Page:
Porcelain bowl. The bowl has a fine white body. There are prunus trees in blossom painted in sepia, a poem of ten characters in black, and three seals in pink enamel on the exterior. A pair with PDF 827.
- Made in: Jingdezhen (Painted in Beijing)
- (Asia,China,Jiangxi (province),Jingdezhen)
- Height: 63 millimetres
- Diameter: 127 millimetres
Inscription Positionon sides
Inscription Content月幌見踈影, 墨池聞暗香
Inscription Transliterationyue huang jian shu ying; mo chi wen an xiang
Inscription TranslationThe moon ripples (and I) see the shadow of a branch moving; at the ink-black pool you can smell the secret fragrance’
Inscription CommentStephen Allee translates:
On the moonlit curtain, one sees their scattered shadows,
By the ink-stained pond, one smells their dark fragrance.notes:
"I believe that the term yuehuang 月幌 (moonlit curtain) refers to a curtain or cloth screen on which the shadows of plum blossoms are cast by moonlight – which was the original inspiration for the tradition of painting this subject in ink.
The term mochi 墨池 (ink pond) refers to the pond where Wang Xizhi cleaned his brushes and inkstone, turning the water black. From this, the term came to be used as a reference to: 1. an inkstone; 2. the place where one practices calligraphy (or ink painting); or 3. a writing/painting brush made with lamb’s wool for the inner core and rabbit fur for the outside.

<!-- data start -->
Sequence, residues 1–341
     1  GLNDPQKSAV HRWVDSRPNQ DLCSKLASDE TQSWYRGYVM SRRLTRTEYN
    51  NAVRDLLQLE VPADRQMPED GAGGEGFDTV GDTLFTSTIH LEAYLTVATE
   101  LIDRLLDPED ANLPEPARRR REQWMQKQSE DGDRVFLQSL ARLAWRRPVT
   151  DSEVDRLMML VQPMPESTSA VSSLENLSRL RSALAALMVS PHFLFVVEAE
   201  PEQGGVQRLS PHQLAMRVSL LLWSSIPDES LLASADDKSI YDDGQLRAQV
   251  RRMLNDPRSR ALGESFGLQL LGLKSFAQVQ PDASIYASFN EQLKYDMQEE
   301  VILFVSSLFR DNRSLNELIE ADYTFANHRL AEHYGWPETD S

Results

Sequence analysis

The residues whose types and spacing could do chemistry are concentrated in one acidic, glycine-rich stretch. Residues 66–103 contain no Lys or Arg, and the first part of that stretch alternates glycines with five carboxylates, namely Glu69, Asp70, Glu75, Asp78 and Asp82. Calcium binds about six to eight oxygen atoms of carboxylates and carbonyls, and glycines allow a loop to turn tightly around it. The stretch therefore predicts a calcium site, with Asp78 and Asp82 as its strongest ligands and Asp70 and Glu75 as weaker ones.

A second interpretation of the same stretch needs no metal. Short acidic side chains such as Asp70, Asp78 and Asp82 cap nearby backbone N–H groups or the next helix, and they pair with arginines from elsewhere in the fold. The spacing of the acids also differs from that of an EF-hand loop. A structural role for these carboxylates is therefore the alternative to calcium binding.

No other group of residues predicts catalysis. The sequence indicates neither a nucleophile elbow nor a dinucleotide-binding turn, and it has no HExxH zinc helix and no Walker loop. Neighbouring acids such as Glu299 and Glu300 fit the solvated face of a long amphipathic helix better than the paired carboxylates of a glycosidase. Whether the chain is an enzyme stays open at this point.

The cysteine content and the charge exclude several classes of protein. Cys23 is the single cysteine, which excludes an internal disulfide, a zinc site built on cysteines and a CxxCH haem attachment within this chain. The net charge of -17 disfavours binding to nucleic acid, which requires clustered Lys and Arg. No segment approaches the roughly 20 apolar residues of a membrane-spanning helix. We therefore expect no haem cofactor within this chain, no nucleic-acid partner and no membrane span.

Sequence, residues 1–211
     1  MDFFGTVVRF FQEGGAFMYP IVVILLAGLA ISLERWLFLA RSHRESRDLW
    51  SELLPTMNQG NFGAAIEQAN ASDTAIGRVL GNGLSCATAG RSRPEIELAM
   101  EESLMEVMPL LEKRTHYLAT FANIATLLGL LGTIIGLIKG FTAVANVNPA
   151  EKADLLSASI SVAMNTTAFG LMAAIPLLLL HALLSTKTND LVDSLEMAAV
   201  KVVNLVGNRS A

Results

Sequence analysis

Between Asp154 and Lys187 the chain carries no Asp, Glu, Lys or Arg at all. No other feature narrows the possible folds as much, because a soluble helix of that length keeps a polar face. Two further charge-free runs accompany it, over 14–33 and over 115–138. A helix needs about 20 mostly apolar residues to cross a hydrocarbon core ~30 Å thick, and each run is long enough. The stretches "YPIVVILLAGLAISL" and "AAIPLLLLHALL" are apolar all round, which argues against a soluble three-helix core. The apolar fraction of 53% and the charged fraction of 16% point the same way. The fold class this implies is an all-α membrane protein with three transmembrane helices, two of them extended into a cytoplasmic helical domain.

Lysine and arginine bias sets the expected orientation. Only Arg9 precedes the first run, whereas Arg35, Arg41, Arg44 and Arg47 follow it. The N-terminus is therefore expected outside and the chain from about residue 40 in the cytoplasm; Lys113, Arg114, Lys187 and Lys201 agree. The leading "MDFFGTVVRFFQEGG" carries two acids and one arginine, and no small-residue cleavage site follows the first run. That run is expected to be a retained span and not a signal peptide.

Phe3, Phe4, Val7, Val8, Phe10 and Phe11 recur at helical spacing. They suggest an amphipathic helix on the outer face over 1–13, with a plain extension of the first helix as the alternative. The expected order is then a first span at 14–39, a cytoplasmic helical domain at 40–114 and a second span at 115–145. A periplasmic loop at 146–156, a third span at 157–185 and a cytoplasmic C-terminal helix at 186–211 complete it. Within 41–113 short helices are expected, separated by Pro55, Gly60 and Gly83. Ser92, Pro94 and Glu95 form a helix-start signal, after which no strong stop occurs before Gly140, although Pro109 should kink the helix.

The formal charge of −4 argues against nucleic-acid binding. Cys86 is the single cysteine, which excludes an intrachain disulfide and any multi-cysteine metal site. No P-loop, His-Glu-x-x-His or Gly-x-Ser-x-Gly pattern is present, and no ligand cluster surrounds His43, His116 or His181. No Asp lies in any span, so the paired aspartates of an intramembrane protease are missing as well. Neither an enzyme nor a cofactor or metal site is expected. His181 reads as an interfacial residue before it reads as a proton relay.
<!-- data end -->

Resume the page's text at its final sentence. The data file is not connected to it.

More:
The terms shuying 踈影 (scattered shadows) and anxiang 暗香 (dark fragrance) are descriptive of plum blossoms and derive from a poem by the famous plum fancier, Lin Bu林逋 (967–1028), who wrote numerous poems on the subject.
Peter Y.K. Lam notes that:
This poem is unidentified, it is not included in the Peiwenzhai collection.
Inscription Typereign mark
Inscription Positionon base
Inscription TransliterationYongzheng nian zhi
Inscription TranslationMade in the Yonghzeng reign
Inscription Content先春'; '壽古'; '香清'
Inscription Transliterationxianchun, shougu, and xiangqing
Inscription TranslationEarly spring; very ancient; fragrance pure
Published PDF date : Qing Yongzheng 1723-1735Room 95 label text:
Bowl with prunus flowers and poems
Under court instructions, this bowl was decorated in shades of black enamel with winter-flowering plum trees, a ten character poem and with three puce enamel seals. Sir Percival David bought them from Alfred E. Hippisley (AD 1848–1939), a British Customs official in China who translated the poems in AD1900. A century later, the poem月幌見踈影, 墨池聞暗香 (yue huang jian shu ying; mo chi wen an xiang) translates more literally as ‘The moon ripples (and I) see the shadow of a branch moving; at the ink-black pool you can smell the secret fragrance’. The seal before the poems reads 先春 (xian chun ‘early spring’); and the two after the poem read 古月(guyue ‘ancient moon’); and 香清 (xiang qing ‘pure fragrance’). The winter-flowering plum design derives from traditional and contemporary Qing ink painting. On the base is a four-character Yongzheng mark in a double square in blue enamel.
Porcelain with transparent glaze made in Jingdezhen, Jiangxi province, overglaze enamels added in Beijing
素瓷器: 江西景德鎮燒製; 北京加琺瑯彩
Qing dynasty, Yongzheng mark and period, AD1723–35
R. L. Hobson, 1934 records: From the Hippisley Collection.See Hippisley "A Sketch of the History of Ceramic Art in China", p.406, Nos.328 and 329 where the poem is translated. PDF card: Acquired in the U.S.A. for $3000 in 1925 with PDF 827. Previous owner: Hippisley Collection.
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Object reference number: RRC39160
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